Are You as Smart as Your Resume Implies?
It’s one thing to add a college, graduate program, or certificate on your resume, but if you have an engineering degree and you don’t know what an Allen wrench is, then you’re proving you’re not as smart as your resume implies.
So, how does one prove they’re as smart as their resume implies? We’re glad you asked!
You can follow traditional routes to further your education like attending grad school or enrolling in an intensive study course – because there is no replacement for learning – however, it’s silly to assume those paths make up the sum of a good education.
Growth is a constant and lifelong process and now, more than any time in our history, information is easily accessible. There are free online classes, you can listen to podcasts, watch videos, read a book (yes, they still make them), or you can listen to audiobooks – the list is vast and the variety of topics are endless. And, since you have access to these endless topics with an internet connection, there really aren’t any excuses you can make not to absorb as much knowledge as you can.
If you want to be marketable, continuing to learn and push yourself is the best thing you can do. It’s not only good for your career and your mind, it’s really great for your self-esteem.
Make an Effort
Okay, so now you’re hearing your mom’s voice or a nagging teacher’s voice saying, “Make an effort!” over and over but you know what? They’re right.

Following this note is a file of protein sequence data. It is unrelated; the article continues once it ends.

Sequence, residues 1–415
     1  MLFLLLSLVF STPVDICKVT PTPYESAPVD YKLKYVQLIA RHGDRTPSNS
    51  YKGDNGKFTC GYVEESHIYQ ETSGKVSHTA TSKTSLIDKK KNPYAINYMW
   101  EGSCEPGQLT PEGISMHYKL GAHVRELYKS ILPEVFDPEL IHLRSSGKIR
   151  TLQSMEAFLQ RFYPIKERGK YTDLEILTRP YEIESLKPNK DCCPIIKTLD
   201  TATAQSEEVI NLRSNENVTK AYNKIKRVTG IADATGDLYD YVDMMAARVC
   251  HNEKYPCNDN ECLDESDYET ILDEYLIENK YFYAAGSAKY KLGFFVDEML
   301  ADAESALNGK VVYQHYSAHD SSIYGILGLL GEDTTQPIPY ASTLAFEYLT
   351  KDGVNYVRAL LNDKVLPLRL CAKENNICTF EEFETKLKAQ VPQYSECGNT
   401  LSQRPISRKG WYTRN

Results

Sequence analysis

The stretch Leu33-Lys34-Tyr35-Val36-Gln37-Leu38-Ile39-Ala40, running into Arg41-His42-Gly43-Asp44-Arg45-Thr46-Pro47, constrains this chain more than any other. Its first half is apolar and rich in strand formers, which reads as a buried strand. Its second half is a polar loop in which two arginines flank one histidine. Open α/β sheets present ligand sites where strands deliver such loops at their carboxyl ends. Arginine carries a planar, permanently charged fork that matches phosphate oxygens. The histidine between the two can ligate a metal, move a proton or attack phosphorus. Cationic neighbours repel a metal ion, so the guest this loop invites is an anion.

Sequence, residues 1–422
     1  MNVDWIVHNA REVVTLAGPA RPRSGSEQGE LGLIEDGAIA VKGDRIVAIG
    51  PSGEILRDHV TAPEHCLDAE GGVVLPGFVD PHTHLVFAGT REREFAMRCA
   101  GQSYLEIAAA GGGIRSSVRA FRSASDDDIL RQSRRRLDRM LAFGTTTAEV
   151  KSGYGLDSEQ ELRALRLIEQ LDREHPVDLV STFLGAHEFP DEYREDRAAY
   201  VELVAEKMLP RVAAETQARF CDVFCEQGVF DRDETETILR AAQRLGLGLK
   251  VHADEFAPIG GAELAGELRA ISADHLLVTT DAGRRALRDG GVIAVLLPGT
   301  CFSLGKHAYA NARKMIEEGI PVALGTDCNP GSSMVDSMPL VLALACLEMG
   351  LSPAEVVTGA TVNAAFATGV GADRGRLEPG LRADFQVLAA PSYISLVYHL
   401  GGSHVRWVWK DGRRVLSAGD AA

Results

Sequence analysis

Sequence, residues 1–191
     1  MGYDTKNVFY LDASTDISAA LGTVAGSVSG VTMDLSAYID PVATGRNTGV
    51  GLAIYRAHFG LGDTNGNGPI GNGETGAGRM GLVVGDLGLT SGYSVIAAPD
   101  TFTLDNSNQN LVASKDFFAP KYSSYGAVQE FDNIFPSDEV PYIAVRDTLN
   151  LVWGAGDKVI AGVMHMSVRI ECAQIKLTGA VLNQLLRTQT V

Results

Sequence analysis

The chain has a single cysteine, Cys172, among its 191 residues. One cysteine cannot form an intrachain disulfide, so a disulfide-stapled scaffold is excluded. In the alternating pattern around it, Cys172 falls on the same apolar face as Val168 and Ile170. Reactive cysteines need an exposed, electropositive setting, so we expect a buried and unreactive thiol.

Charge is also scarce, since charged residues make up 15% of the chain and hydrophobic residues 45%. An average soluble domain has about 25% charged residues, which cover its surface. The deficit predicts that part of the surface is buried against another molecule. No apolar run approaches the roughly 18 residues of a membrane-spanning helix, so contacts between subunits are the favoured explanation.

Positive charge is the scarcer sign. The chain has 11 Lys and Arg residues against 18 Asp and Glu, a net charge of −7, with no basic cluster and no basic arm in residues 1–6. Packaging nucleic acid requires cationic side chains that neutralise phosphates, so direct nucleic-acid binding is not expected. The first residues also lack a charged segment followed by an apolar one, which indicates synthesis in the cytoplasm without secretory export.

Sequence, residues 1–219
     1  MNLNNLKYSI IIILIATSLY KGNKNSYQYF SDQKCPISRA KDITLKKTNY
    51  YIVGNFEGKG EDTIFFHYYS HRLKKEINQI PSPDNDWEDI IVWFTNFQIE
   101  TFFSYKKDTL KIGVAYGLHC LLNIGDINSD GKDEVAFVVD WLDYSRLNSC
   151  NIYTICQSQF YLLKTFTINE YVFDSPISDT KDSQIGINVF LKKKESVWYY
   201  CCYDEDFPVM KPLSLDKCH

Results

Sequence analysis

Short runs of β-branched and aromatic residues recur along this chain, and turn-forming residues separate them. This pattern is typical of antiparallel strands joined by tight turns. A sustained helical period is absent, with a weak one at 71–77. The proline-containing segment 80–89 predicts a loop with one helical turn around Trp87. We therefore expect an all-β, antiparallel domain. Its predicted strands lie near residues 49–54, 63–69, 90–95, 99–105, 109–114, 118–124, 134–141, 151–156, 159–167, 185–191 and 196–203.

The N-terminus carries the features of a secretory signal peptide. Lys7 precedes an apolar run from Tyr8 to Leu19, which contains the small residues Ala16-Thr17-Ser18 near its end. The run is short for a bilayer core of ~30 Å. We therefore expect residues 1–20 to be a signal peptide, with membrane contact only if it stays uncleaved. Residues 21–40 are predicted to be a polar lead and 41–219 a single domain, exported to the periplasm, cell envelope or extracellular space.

Anyone can sign up, show up and sit through a class but it actually takes effort to garner as much knowledge as you can from that class, then apply that knowledge outside of a classroom and then build on that knowledge.
What separates the mediocre from the exceptional? Effort. The amount you put into expanding your knowledge is completely up to you.
This also goes for credential collecting. Lots of people have long strings of acronyms after their names. Some are exceptional, others not so much.
Earning these credentials looks good on paper and are definitely worthwhile investments but the fact is, a credential is only as good as the person behind it.
When you invest in your education, think about how you can go beyond telling a potential employer that you completed a degree or earned a license. Demonstrate your knowledge and skills instead. After all, you’re poured a lot of energy, money and time into getting this degree or license. Don’t make people guess whether or not you’re qualified – show them you are.
Remember, it’s not what’s on the paper that matters most, it’s what you can do that matters the most. Yes, the paper will get you in the door, but that’s all a resume is – a foot in the door. Employers don’t create jobs just to give them out to nice people with slick applications, they create them because they have a need that has to be filled in order to fulfill their bottom line. They really don’t care how many certifications you have if you can’t do the work.
Once you’ve completed a course, program or degree, don’t think of it as the finish line, it’s just the beginning. Think of your degree as a launchpad for so much more.
Keep learning, keep challenging yourself, keep building relationships across industries, gain knowledge and always look for new opportunities.
If you’re always learning, you can’t become stagnant. And if you’re regularly exposing yourself to new things, you won’t be stuck in five to ten years trying to figure out what you want to do and where you want to go in your career.